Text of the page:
Various Artists, Music for Merce, Vol. 6

Seth Colter Walls

By Seth Colter Walls

on 10.09.11 in Reviews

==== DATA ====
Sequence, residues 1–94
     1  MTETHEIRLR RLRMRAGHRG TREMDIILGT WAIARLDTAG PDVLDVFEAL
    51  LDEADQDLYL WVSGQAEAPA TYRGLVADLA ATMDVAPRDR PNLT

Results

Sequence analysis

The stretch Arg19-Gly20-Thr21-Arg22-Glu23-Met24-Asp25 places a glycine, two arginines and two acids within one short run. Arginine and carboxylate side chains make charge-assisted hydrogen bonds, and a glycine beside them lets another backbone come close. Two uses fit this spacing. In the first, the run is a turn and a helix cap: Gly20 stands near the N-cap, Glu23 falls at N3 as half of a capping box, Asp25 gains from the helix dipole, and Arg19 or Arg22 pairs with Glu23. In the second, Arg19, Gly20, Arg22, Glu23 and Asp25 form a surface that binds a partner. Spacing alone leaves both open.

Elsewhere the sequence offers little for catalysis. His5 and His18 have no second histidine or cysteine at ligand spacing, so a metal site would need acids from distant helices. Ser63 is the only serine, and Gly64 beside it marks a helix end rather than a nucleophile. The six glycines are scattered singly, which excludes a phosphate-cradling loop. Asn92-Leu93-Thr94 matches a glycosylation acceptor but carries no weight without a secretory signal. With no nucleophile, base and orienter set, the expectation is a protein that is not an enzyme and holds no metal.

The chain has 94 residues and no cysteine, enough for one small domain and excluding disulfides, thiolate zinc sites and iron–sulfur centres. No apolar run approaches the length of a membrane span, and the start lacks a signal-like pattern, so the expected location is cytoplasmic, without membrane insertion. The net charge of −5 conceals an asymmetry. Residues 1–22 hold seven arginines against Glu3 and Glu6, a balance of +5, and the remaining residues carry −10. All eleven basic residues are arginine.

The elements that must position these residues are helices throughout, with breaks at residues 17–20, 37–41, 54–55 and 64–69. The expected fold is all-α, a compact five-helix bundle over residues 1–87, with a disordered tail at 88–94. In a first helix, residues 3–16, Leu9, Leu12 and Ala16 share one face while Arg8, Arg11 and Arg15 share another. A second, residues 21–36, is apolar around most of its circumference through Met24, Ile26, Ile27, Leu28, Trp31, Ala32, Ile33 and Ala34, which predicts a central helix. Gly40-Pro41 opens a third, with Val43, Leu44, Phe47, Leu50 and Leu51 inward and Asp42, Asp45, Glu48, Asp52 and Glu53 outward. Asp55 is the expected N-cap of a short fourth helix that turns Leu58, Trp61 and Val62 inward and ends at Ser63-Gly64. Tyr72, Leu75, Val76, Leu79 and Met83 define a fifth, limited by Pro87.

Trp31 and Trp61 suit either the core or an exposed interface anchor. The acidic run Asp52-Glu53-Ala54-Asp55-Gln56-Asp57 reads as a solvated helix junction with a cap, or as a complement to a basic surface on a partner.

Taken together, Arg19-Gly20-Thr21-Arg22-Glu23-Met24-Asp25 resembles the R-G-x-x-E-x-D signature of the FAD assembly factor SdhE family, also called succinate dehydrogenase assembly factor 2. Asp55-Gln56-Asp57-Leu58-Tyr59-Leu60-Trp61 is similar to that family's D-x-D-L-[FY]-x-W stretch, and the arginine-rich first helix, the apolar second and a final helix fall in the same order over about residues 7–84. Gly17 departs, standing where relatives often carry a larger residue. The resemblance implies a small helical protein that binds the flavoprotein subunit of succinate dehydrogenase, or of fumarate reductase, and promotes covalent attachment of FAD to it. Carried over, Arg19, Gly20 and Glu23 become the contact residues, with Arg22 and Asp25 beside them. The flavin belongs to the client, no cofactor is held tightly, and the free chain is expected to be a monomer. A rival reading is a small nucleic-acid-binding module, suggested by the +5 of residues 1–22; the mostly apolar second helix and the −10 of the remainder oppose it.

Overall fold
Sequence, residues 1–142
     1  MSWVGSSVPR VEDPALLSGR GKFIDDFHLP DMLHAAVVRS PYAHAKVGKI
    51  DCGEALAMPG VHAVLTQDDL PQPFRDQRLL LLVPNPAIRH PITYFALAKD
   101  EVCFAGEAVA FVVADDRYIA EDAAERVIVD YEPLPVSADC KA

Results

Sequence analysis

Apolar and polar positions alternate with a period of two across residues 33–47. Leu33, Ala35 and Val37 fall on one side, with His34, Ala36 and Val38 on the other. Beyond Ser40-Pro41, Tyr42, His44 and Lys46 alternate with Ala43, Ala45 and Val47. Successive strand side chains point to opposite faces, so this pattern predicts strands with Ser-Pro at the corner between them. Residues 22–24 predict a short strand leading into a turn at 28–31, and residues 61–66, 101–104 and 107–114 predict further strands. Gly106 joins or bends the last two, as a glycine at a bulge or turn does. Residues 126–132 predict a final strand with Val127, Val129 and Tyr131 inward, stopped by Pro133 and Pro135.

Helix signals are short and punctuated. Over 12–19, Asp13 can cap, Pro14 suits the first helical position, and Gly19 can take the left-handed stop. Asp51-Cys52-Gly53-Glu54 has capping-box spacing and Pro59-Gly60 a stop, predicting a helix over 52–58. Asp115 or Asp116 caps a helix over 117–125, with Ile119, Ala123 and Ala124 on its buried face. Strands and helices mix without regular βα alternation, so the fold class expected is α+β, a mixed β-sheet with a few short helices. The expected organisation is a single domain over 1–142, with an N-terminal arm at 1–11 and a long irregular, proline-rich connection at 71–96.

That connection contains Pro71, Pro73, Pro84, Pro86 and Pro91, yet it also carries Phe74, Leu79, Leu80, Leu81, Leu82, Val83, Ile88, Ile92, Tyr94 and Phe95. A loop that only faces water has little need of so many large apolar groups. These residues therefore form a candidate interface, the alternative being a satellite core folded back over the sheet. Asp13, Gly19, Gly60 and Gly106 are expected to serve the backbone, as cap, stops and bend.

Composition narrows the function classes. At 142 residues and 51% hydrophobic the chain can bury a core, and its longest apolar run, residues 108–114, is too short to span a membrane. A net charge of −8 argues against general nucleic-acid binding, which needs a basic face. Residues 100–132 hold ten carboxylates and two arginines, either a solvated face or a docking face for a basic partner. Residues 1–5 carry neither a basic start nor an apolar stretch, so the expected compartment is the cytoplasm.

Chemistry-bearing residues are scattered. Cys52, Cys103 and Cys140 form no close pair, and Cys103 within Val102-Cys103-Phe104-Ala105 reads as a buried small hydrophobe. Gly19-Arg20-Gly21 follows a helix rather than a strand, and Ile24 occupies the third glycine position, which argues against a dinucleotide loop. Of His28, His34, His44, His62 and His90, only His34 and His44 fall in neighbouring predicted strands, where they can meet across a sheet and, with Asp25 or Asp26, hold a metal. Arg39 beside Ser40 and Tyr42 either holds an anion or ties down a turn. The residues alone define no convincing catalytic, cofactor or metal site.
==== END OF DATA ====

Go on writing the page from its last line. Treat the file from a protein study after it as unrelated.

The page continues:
John Cage wrote some of his best music for partner Merce Cunningham’s dance company, including mostly-notated percussion pieces like “Credo in Us” (which often also used turntables and radios). But Cage’s non-notated sound experiments for tape and electronics were also used for Cunningham happenings – and rightly so. Listen to the rare archival tape of “Voiceless Essay” on this disc (which is part of a 10-CD set culled from the Cunningham performance archive): It’s a collage of Cage’s own half-whispers and portentous inhalations. As a forerunner of various experimental forms of music, it’s visionary. (Just check the other volumes on this series, which feature names like Jim O’Rourke and Christian Marclay.) But as pure, free play with rhythm, Cage’s piece for his own voice on tape compelling in a way that has nothing to do with the history of the avant-garde.